Italy’s new Prime Minister has left little doubt that Rome’s era of austerity is winding down. What remains in doubt is how Enrico Letta plans to pay for it.
In Monday’s maiden speech in the Chamber of Deputies, Parliament’s lower house, Mr. Letta made it clear that the economic foundation of the previous government – tax hikes and spending reductions in the name of austerity – is finished.
“We will die of fiscal consolidation alone, growth policies cannot wait any longer,” the 46-year-old Prime Minister said, noting that the Italian economy remains in “serious” condition after a decade of stagnation followed by recession.
Mr. Letta’s speech put Italy at the leading edge of Europe’s anti-austerity campaign, which began in earnest in February when former prime minister Silvio Berlusconi and Beppe Grillo, leader of the anti-establishment Five Star Movement (M5S), used their anti-austerity, and vaguely anti-euro, messages to surge in the polls.
Their popularity deprived Pier Luigi Bersani’s Democratic Party (PD) a majority in the upper house, the Senate, leading to a stalemate that only ended on the weekend, when Mr. Letta, the compromise prime minister, unveiled the coalition government’s new cabinet.
The uneasy three-party coalition brings together the centre-left PD, now led by Mr. Letta, with Mr. Berlusconi’s centre-right People of Liberty (PdL) party, though not Mr. Berlusconi himself, and the small centrist party.
Since the Italian election, both France and Spain have lobbied the European Commission for more leeway on their budget deficit targets and, with Germany’s support, it appears they will get it as austerity takes the blame for pushing unemployment to unbearable levels. In Spain, the jobless rate is 27.2 per cent, a figure not seen since the Great Depression.
Mr. Letta’s speech, given three days before the European Central Bank’s expected interest rate cut amid compelling signs of weakness across the 17-country euro zone, was vague on details but strong on ambition. In addition to committing the coalition to electoral reform and overhauling the constitution to give separate roles to the now equally ranked upper and lower houses of parliament, he outlined a tax-cutting campaign that, he hopes, will lay the groundwork for job creation.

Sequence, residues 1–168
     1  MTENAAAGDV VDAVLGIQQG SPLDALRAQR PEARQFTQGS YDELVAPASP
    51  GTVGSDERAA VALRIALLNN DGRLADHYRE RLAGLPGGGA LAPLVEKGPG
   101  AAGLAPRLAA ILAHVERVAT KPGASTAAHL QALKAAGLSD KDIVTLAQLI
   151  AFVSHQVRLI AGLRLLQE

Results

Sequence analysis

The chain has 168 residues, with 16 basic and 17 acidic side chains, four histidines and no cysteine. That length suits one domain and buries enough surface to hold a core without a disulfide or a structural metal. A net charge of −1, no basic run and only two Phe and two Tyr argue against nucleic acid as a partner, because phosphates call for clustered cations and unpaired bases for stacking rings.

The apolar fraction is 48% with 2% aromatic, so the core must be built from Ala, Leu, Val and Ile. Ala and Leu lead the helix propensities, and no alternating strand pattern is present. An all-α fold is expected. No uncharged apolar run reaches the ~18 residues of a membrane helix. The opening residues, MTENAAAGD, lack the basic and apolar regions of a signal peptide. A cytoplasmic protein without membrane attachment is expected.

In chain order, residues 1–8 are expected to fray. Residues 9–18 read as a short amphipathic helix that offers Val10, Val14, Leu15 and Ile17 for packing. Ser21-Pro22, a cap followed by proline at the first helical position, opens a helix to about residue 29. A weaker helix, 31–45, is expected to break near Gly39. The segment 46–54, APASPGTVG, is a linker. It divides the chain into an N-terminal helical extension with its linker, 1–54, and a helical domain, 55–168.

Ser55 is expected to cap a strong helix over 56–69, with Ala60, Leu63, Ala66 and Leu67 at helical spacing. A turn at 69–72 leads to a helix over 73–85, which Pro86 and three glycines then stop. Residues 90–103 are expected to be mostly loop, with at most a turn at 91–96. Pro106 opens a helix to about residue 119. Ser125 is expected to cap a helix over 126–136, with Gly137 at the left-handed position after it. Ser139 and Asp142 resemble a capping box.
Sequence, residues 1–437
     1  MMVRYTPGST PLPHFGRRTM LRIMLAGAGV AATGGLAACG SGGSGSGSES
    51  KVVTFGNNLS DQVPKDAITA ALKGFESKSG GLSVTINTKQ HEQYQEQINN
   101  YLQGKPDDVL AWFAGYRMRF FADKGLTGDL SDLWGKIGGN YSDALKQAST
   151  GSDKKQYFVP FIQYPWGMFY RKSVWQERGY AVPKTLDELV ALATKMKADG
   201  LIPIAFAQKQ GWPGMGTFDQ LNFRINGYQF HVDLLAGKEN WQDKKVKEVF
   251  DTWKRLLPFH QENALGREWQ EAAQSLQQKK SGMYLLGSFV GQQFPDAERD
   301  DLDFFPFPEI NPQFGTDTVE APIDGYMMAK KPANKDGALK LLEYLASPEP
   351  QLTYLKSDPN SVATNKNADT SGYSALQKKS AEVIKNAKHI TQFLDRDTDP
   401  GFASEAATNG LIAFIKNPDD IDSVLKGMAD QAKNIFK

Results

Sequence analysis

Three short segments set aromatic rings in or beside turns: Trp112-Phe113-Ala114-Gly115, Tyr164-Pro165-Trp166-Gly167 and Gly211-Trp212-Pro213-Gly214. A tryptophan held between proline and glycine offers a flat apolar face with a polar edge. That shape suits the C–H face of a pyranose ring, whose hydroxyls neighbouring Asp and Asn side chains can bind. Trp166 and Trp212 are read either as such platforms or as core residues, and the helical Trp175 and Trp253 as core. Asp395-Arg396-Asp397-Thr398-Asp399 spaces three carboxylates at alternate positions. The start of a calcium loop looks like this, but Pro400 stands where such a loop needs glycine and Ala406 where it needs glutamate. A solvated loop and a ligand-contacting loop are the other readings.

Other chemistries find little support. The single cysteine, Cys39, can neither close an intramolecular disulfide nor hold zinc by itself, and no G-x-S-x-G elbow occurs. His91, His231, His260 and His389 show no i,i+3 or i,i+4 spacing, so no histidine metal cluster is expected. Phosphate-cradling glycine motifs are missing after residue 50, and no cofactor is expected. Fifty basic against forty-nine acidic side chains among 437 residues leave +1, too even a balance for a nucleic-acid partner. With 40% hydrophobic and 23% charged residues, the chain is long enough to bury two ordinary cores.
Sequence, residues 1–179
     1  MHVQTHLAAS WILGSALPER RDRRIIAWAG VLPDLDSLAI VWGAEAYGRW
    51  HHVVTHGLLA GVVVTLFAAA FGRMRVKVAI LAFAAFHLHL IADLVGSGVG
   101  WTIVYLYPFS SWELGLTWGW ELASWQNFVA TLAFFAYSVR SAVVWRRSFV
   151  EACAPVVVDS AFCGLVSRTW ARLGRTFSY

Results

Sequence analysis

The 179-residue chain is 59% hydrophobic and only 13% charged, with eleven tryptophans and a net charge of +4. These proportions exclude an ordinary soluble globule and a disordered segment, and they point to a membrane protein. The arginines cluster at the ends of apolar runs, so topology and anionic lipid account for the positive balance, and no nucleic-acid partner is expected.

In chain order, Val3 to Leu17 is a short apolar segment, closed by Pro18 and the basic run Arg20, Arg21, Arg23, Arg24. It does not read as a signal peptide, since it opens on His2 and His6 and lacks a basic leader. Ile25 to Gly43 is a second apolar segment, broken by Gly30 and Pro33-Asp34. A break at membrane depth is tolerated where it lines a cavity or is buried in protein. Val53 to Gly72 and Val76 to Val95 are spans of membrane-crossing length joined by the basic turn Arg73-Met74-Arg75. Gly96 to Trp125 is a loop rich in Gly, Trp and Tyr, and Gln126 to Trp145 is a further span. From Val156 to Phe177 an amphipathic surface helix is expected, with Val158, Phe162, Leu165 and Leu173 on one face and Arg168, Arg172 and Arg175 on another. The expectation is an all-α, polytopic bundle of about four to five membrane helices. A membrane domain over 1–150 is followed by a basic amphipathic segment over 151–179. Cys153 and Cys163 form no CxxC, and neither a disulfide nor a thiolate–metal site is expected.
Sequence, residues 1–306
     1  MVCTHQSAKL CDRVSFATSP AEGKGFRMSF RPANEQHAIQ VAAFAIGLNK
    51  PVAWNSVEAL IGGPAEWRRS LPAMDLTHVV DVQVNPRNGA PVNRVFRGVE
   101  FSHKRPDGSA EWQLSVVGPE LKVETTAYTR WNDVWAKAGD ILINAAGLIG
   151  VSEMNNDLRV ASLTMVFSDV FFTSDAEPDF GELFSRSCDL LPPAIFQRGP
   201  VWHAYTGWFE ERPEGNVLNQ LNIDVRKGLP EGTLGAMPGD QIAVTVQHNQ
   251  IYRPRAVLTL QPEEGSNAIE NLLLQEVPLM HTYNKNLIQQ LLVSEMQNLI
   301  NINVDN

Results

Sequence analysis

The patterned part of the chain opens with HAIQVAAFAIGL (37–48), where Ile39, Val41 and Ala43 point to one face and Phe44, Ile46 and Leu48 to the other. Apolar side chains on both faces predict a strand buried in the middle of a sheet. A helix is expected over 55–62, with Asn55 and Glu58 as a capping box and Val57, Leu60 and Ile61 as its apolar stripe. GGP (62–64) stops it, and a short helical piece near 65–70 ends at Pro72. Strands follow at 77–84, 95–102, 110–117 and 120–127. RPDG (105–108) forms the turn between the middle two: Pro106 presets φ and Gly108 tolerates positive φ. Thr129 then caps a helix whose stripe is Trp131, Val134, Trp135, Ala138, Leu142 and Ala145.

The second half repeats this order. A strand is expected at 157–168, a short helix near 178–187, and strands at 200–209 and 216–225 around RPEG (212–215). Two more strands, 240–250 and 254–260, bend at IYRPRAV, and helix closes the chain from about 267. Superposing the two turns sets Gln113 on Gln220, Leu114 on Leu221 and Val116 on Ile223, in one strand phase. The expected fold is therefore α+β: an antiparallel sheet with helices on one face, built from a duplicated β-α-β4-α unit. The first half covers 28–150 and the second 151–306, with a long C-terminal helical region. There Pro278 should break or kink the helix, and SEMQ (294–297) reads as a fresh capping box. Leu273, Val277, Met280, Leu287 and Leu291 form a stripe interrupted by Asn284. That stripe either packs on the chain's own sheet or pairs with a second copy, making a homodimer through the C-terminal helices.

The centrepiece of his tax pledge is the suspension of the hated property tax, known by its acronym IMU, that was imposed on primary residences by former leader Mario Monti and strenuously opposed by Mr. Berlusconi. He did not, however, vow to kill the tax. Some economists think it will ultimately be reduced or imposed only on residences above a certain value.
He also said he hoped the planned hike in the value-added tax to 22 per cent from 21 per cent, another initiative of Mr. Monti, would not go ahead, and that taxes on employers – a “tax on jobs,” as he put it – would be cut. Mr. Letta is trying to gain European support for his anti-austerity, job-creation plans by visiting German Chancellor Angela Merkel and European Council President Herman Van Rompuy this week.
How Italy will pay for these measures was left unsaid and Italy has virtually no flexibility, even though its sovereign funding costs are well below their crisis highs of 2011, when Mr. Berlusconi was effectively ousted and replaced by Mr. Monti. While Italy is not Greece, the country is in deep recession and is saddled with a ratio of debt to gross domestic product of 127 per cent, the second largest in Europe, after Greece.
Mr. Letta said government ministers’ pay would be cut, and hinted that public funding of political parties would be eliminated or reduced. But that was about it, leading some politicians to ask whether the tax cuts would be financed by shredding what’s left of the social safety net.
The implication from Mr. Letta’s speech was that tax cutting will stimulate job creation and that structural reform will take care of the rest. Italy needs reform – from breaking open protected professions to making it easier for employers to fire and hire. But the country lacks a culture of economic compromise and reforms have always been slow in coming.
Reforms may be even more difficult under the new coalition government, where old enemies will try to find common ground, with no guarantee of success.